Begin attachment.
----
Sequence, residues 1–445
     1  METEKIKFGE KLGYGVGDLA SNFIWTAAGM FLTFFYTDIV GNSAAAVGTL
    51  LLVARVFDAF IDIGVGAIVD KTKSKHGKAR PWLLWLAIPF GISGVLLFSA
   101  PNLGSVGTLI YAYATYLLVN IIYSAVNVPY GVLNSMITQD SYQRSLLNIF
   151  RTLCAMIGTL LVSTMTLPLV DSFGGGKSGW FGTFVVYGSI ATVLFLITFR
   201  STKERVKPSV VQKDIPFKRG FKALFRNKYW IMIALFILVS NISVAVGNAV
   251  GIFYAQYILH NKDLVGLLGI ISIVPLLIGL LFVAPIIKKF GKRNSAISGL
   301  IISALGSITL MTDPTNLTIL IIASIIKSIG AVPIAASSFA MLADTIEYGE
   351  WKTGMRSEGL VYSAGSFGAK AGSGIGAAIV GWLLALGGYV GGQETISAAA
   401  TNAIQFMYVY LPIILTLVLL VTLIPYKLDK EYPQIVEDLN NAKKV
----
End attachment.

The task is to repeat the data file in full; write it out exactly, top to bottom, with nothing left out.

Sequence, residues 1–445
     1  METEKIKFGE KLGYGVGDLA SNFIWTAAGM FLTFFYTDIV GNSAAAVGTL
    51  LLVARVFDAF IDIGVGAIVD KTKSKHGKAR PWLLWLAIPF GISGVLLFSA
   101  PNLGSVGTLI YAYATYLLVN IIYSAVNVPY GVLNSMITQD SYQRSLLNIF
   151  RTLCAMIGTL LVSTMTLPLV DSFGGGKSGW FGTFVVYGSI ATVLFLITFR
   201  STKERVKPSV VQKDIPFKRG FKALFRNKYW IMIALFILVS NISVAVGNAV
   251  GIFYAQYILH NKDLVGLLGI ISIVPLLIGL LFVAPIIKKF GKRNSAISGL
   301  IISALGSITL MTDPTNLTIL IIASIIKSIG AVPIAASSFA MLADTIEYGE
   351  WKTGMRSEGL VYSAGSFGAK AGSGIGAAIV GWLLALGGYV GGQETISAAA
   401  TNAIQFMYVY LPIILTLVLL VTLIPYKLDK EYPQIVEDLN NAKKV